According to Lowe, as the concept of clean beauty has grown popular, the trend has not been particularly regulated, and just because something says “organic” does not necessarily mean it is ethical. “It’s really important to me that all the products I’m selling are things I would recommend to my sister,” she said.

In addition to beauty products, home goods such as laundry detergent and all-purpose cleaners are available at Shimmer as well. Lowe recommends and reminds her customers not to feel pressured to switch to all-natural products all at once, but rather try a few products at time to find what works best for you.

Just a couple of blocks down away on 30 North Water Street is La Vie est Belle Apothecary, owned and operated by Dr. Tammy Gleeson, a thoracic surgeon with SouthCoast Health.

The store is a romantic dream with a French eclectic flair. The dark wood, mirrors, and accent pieces like the fabulous pink sofa by the register transports customers back in time to the days of the original apothecary.

“My focus is to make people happy, and feel good about themselves,” said Gleeson, who has lived downtown herself for the past three years, after running her own private practice in Michigan for a bulk of her career. “I realized I’m not getting any younger, and it was time to do something different. You can’t take life too seriously,” she said.

La Vie est Belle, or “Life is Beautiful,” is the perfect name, and the tiny details made by Gleeson add to the store’s artistry.

The apothecary, which is described as a “fortress of relaxation and peace” on its website, features all-natural beauty products including perfumes, essential oils, and a table full of soap selections. Furthermore, Dr. Gleeson offers aesthetic medicine such as facials and botox, and will soon offer cool sculpting.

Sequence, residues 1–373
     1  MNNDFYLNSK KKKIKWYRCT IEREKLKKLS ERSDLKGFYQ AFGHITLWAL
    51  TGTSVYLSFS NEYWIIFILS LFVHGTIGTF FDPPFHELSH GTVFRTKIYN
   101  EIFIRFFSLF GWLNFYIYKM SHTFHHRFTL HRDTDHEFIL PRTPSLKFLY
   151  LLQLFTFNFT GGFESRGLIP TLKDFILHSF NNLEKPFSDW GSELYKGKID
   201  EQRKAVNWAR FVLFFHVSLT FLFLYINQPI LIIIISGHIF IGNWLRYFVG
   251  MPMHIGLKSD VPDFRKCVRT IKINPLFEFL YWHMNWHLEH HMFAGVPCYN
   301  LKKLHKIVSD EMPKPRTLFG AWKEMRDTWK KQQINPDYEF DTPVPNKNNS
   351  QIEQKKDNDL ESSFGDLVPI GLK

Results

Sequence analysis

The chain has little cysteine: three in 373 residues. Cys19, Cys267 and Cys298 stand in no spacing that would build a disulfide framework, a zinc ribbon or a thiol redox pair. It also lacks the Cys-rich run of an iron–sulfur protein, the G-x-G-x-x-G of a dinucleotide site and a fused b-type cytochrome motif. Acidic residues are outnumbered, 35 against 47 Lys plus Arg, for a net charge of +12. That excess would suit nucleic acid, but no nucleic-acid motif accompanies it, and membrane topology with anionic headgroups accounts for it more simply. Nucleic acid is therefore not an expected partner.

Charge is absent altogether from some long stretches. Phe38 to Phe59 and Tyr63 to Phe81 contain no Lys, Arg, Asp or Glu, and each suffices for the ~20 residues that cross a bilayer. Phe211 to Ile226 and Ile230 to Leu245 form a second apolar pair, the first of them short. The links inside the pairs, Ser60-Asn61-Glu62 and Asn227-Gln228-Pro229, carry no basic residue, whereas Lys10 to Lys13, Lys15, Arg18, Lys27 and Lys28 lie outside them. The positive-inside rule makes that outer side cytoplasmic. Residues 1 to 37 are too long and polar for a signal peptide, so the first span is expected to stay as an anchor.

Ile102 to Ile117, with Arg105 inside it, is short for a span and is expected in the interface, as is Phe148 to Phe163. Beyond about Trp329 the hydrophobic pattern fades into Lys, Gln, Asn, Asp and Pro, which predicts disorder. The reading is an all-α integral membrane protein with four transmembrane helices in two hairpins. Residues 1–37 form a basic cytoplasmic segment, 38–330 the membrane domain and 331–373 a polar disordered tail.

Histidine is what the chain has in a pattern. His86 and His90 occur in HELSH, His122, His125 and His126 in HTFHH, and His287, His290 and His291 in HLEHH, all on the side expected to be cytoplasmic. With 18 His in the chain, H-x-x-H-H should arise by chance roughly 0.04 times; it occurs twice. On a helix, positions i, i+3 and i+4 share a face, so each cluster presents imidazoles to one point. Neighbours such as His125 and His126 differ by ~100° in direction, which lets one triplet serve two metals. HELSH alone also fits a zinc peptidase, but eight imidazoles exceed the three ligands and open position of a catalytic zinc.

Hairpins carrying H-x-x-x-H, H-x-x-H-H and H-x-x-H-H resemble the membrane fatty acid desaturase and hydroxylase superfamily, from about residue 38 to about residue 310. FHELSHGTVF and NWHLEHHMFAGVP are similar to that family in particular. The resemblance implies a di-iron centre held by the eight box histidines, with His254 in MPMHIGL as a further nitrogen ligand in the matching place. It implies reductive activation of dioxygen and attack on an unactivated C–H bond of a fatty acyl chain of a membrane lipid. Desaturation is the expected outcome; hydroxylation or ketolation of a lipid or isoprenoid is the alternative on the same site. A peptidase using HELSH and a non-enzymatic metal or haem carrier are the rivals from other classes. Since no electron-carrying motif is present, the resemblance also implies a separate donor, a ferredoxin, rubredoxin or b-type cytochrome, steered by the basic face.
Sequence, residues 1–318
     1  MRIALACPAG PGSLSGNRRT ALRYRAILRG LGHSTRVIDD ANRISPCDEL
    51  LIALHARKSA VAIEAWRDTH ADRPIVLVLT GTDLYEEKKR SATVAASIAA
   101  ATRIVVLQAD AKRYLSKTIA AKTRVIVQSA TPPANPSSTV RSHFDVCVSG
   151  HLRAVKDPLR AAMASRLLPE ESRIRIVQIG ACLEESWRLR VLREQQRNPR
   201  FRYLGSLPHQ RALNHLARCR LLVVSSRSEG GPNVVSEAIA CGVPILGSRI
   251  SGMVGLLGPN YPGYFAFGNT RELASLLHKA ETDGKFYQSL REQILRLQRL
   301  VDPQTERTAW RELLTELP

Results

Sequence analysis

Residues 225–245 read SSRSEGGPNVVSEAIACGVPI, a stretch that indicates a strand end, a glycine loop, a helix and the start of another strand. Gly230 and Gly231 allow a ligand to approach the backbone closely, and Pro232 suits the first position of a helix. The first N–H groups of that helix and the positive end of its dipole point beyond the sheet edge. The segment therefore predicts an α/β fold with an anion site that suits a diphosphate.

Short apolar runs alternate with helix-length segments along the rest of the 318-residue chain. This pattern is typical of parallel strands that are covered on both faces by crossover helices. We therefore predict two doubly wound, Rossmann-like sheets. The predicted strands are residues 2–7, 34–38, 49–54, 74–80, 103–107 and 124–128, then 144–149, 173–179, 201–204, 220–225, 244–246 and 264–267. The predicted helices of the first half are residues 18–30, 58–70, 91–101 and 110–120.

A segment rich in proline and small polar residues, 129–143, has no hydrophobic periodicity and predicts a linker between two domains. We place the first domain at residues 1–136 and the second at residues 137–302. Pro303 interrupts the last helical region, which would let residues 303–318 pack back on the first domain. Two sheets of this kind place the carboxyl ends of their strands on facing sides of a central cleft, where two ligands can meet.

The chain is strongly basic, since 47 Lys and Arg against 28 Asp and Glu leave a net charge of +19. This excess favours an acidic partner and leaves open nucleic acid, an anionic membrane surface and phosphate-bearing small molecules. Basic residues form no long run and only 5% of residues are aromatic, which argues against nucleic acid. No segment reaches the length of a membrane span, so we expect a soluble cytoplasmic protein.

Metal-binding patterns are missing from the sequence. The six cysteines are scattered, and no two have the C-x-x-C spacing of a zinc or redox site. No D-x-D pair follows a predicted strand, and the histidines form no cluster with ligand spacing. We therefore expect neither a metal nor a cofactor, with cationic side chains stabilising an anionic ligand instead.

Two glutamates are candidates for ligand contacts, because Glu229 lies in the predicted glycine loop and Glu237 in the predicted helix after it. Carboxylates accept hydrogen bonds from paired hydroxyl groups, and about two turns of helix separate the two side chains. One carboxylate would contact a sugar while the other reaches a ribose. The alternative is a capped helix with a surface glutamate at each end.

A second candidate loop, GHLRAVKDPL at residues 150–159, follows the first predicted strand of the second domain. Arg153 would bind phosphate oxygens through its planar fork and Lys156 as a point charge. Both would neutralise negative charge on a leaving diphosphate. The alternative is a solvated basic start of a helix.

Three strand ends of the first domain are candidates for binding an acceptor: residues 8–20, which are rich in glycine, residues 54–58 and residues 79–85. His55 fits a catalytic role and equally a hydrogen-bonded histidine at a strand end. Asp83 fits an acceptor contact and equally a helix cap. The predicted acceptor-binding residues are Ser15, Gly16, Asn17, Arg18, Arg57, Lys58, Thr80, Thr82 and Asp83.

Expanding the treatment and wellness component to the store is a goal for Gleeson, who specifically researched skin-care products that could help with acne, scarring, and wrinkles. Everything available at the store has been researched and tested by Gleeson, including the all-natural dog shampoo, thanks to the help of her English bull-dog, Salvadaor.

Both Lowe and Gleeson explained that the support they’ve received from the downtown community has been wonderful.

“The small business community has been so supportive. There’s such a sense of community downtown,” said Lowe, who has deep ties with the community as her father is a long-time teacher at New Bedford High School, and her mother served as an admissions clerk at the Whaling Museum for 30 years. “I always knew I’d open a boutique downtown someday.”

“I love downtown New Bedford,” said Gleeson, who although is newer to the area, explained how much change and growth she’s seen just in the few years she’s lived there. “The neighbors have been extremely supportive. It’s been a fun adventure, and will continue to be as we grow,” she said.